It clearly defeated the British, who under Vice-Admiral Edward Vernon found themselves overwhelmed during the War of Jenkins’ Ear in the spring of 1741. In an ill-planned attack that began before dawn on April 20, a thousand English grenadiers and regular infantry were mowed down in just four hours by musket and cannon fire from the citadel. That day, San Felipe’s bell tower effectively sounded the death-knell for British imperialism in the Caribbean.

Such deathliness was part of the fort’s design. San Felipe was constructed as a series of bunkers stacked one inside the other: if one part was breached, others could be used as a fallback. Cannons of one battery overlook the others, making it possible to shell intruders from a host of internal strongholds.

Add to that the subterranean tunnels, with their hidden niches for hand-to-hand combat, and the matacanes or chutes in the walls for pouring boiling oil on the enemy, and you have a huge, daunting cog in Spain’s military juggernaut.

Oh, and when you go: take care in those underground passages. Many still haven’t been explored fully. Visitors have been known to get lost—seriously lost.

2. Fuerte San Sebastián del Pastelillo

In the 1700s, this tiny fort was repeatedly shelled by British privateers parked nearby, just off the Isle of Manga. Today, the main vessels pulling up alongside are yachts, which disgorge weekenders avid for sunset views at its tony seafood restaurant.

San Sebastián, like many Cartagena forts, has undergone multiple incarnations. Christened San Felipe de Boquerón in 1566, its first version represented the city’s fledgling—i.e., inadequate—attempt at self-protection. Among its defenses: a chain tied to cedar trunks that was fastened nightly, in an attempt to block access to nearby Las Ánimas bay. Needless to say, when Edward Vernon sailed past its primitive armature in 1741, he didn’t waste much artillery reducing it to rubble.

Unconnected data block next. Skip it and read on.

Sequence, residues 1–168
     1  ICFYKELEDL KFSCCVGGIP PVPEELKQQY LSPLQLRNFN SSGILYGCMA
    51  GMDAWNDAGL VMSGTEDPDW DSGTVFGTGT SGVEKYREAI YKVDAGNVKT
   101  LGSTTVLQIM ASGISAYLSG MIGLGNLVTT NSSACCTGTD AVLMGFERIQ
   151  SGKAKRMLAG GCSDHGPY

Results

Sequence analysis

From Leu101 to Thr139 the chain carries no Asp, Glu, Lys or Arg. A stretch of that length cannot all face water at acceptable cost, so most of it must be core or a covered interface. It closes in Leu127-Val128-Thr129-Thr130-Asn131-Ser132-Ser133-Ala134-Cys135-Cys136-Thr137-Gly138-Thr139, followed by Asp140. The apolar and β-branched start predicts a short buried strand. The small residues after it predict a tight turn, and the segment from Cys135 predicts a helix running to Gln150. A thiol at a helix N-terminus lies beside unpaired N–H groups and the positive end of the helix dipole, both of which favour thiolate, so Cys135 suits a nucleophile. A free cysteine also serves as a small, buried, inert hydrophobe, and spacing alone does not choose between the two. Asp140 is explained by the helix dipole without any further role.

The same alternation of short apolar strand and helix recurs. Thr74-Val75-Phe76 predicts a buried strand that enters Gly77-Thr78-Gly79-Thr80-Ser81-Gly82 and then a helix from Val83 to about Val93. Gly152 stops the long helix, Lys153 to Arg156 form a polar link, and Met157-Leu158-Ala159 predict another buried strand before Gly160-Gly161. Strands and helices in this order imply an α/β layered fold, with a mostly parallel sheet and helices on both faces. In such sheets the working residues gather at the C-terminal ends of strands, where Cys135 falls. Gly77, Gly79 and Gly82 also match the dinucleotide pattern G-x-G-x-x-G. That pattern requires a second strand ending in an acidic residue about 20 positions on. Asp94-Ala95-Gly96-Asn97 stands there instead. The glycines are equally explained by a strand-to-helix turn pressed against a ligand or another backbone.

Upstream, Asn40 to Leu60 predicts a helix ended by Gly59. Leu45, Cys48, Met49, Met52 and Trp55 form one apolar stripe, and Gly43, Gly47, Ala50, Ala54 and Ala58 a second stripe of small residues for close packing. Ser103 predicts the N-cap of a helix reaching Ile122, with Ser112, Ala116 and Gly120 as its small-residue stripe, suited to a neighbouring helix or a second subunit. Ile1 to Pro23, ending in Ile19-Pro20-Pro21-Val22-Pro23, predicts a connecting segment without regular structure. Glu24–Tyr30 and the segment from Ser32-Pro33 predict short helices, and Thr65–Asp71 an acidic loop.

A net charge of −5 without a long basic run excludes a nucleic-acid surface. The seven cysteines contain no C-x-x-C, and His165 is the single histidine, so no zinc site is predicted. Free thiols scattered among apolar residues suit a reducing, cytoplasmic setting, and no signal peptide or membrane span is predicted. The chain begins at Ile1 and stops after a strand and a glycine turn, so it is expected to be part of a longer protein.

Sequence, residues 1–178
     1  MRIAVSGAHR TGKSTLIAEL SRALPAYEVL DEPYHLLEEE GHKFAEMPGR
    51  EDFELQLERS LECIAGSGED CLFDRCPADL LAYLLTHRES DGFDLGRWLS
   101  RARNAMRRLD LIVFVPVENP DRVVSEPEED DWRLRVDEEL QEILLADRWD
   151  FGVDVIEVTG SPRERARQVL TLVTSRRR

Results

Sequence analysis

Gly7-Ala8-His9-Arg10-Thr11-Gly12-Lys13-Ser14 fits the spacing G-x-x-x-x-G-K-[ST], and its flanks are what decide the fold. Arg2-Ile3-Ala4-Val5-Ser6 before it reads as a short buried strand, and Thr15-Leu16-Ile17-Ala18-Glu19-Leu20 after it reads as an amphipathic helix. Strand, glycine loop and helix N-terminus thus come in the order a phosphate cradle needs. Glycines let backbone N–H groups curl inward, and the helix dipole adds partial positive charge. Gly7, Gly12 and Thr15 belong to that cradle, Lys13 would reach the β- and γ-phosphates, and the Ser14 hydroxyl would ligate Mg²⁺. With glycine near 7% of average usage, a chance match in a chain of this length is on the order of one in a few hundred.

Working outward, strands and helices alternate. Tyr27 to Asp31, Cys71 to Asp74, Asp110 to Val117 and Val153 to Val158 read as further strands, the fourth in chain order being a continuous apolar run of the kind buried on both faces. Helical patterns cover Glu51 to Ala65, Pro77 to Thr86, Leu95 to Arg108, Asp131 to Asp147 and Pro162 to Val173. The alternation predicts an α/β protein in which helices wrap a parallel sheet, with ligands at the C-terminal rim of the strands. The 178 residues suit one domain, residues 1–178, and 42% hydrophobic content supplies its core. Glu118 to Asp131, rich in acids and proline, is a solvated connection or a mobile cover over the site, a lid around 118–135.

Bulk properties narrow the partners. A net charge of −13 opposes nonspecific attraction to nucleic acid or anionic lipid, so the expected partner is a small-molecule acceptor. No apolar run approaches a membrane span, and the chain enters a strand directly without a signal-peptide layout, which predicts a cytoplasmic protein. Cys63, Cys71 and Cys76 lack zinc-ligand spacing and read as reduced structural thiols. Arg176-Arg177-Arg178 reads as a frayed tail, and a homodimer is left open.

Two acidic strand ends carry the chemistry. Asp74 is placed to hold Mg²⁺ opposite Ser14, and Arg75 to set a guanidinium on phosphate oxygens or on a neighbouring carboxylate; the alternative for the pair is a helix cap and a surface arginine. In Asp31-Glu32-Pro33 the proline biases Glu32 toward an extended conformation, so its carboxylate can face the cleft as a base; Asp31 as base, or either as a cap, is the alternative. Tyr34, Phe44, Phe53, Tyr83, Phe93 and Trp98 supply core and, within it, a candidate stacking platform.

Undeterred, Spain’s crown fought back. In 1742, it ordered the fort to be reconstructed, renaming it San Sebastián after the then Viceroy and revamping it with a pastelillo– or pastry-type design, viz., one adapted to the contours of the surrounding terrain. The new garrison was more solid, but never saw combat. This accounts for why its installations are still in excellent condition today.

Said installations include 31 cannons, designed to be a last defense against invaders, as well as a water tank, powder magazine, and dock. The latter was commandeered in the 1960s by Cartagena’s Fishing club, and today the whole site offers exquisite bay side views from the patio of its Club de Pesca restaurant.

Helpful tip: If you visit, go on a weekend. Cartageneros love to host engagement and anniversary parties among the ramparts. They’ll have you up and dancing with the guests in no time.

San Fernando de Bocachica Fort, Cartagena, Colombia
San Fernando de Bocachica Fort

3. San Fernando de Bocachica, on the island of Tierra Bomba

If San Sebastián’s military technology represented a throwback to the Middle Ages, San Fernando’s, built in the 1750s, was cutting-edge. Alas, it only ended up being used against other cartageneros.

After Vice-Admiral Vernon’s disruptive visit to the city in 1741, the Spanish crown decided it wasn’t eager for a repeat performance. It thus set about beefing up its defenses on the island of Tierra Bomba, which overlooks the Bocachica channel, one of two entrances to Cartagena’s bay. San Fernando, with its sophisticated horseshoe design and 20-foot shark moat, was the result.